Meanwhile, we’re nearing September and there will be prospects called up to the major leagues, but as noted in this space last week, I’m not confident many will become instant fantasy stars. Colleague AJ Mass recommended a Triple-A prospect per team in his most recent column, so check it out. One name I’ll add to the list is Philadelphia Phillies shortstop J.P. Crawford, hitting better than .300 with power since July began, and taking ground balls at third base, perhaps preparing to usurp the starting role from underwhelming incumbent Maikel Franco.

Monday hitting notes

Speaking of White Sox, even though he wasn’t much of a prospect and his promotion to the majors went mostly unnoticed, we have to be intrigued by Nicky Delmonico. He homered again and has six of them in his first 19 games. He hit 12 in 99 games for Charlotte. What interests me: 11 walks versus 13 strikeouts. There was no harbinger of that coming. He’s third base eligible and will add outfield after two more games.

Arizona Diamondbacks outfielder A.J. Pollock homered in Monday’s win, just his sixth in roughly half a season of at-bats, with 22 runs batted in. Pollock, a fantasy superstar in 2015, has durability issues but in the games he’s played this season has disappointed. A sixth-round pick in ESPN ADP this year, he likely leaves the top 100 in 2018.

Twins shortstop Jorge Polanco hit three-run homers in consecutive at-bats over two games Monday, and is hitting .347 over the past month, but it hasn’t been much of a breakout season. Polanco, 23, profiles as someone capable of double-digit homers and steals and might still get there, and his 2018 could be interesting.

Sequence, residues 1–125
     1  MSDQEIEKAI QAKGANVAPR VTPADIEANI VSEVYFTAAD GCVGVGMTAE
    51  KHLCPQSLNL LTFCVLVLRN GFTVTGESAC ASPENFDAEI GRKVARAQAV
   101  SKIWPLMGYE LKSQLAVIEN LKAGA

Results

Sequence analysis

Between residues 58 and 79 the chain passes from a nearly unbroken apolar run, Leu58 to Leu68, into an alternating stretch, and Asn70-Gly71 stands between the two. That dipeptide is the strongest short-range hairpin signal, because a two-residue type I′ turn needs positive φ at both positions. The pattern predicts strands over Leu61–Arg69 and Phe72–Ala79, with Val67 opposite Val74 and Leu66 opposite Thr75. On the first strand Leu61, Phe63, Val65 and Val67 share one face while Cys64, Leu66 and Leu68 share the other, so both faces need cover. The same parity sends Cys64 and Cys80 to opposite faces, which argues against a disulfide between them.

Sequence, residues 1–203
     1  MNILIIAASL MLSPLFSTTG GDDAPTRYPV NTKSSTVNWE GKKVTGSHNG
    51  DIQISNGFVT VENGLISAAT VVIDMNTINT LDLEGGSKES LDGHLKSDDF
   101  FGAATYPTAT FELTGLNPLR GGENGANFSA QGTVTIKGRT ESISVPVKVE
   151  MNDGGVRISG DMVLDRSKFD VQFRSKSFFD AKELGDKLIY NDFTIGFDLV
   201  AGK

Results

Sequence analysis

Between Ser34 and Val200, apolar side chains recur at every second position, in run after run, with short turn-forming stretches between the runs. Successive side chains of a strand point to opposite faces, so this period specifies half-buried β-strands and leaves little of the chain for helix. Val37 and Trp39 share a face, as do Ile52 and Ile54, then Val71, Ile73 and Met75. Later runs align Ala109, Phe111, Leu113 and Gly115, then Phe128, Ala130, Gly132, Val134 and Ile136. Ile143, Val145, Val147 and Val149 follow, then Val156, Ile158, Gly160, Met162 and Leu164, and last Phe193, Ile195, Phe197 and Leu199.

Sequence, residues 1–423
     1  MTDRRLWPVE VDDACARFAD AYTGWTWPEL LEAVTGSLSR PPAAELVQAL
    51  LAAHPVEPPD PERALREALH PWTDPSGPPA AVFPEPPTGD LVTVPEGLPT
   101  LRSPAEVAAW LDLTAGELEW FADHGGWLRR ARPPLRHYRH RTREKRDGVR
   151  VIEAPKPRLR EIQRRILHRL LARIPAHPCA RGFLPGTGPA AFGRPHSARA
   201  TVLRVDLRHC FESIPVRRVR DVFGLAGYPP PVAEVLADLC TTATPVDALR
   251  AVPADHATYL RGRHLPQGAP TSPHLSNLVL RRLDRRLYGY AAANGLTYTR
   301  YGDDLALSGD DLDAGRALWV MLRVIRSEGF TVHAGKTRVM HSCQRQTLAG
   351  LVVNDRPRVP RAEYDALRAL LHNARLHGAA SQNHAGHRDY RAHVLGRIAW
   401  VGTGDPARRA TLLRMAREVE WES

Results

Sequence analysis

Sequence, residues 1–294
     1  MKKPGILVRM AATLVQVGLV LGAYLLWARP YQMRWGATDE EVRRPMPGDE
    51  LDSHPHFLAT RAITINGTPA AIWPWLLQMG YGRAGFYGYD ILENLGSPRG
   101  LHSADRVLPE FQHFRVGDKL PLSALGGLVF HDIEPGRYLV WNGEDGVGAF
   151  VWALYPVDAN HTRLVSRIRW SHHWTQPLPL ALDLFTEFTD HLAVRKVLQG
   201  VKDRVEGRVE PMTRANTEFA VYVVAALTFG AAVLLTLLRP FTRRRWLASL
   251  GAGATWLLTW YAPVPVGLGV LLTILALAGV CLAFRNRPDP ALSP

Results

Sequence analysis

Texas Rangers slugger Joey Gallo missed Monday’s game due to concussion symptoms suffered in a collision with reliever Matt Bush Sunday, and it seems likely a disabled list stint is pending, so be prepared. Only two hitters have more home runs than Gallo’s 35, while three hitters have struck out more. Losing Gallo for a week will hurt fantasy owners desperate for every last home run.

Monday pitching notes

I noted more than a few times watching New York Mets lefty Steven Matz struggle that he must be hurt, for his numbers were simply terrible and that’s not him. He should be really good unless something is preventing it. Something was. Matz hit the disabled list Monday for a nerve issue in his throwing elbow. I hardly think it’s presumptive to declare his fantasy relevance this season is over. Overmatched lefty Tommy Milone will replace him in the New York rotation, so get ready to stack hitters versus him.

Let’s talk Los Angeles Dodgers, both good and bad news. First, the good! Lefty Clayton Kershaw threw a simulated game against teammates Monday, is scheduled to start for Triple-A Oklahoma City this weekend and could actually aid fantasy rosters on Sept. 1 against the Padres. Despite missing the past month he remains the No. 3 pitcher and No. 5 overall option on the full-season Player Rater. And the bad? Lefty Alex Wood has a shoulder issue that figures to land him on the DL any minute now. Don’t cut him yet, but he might be kept in bubble wrap for October.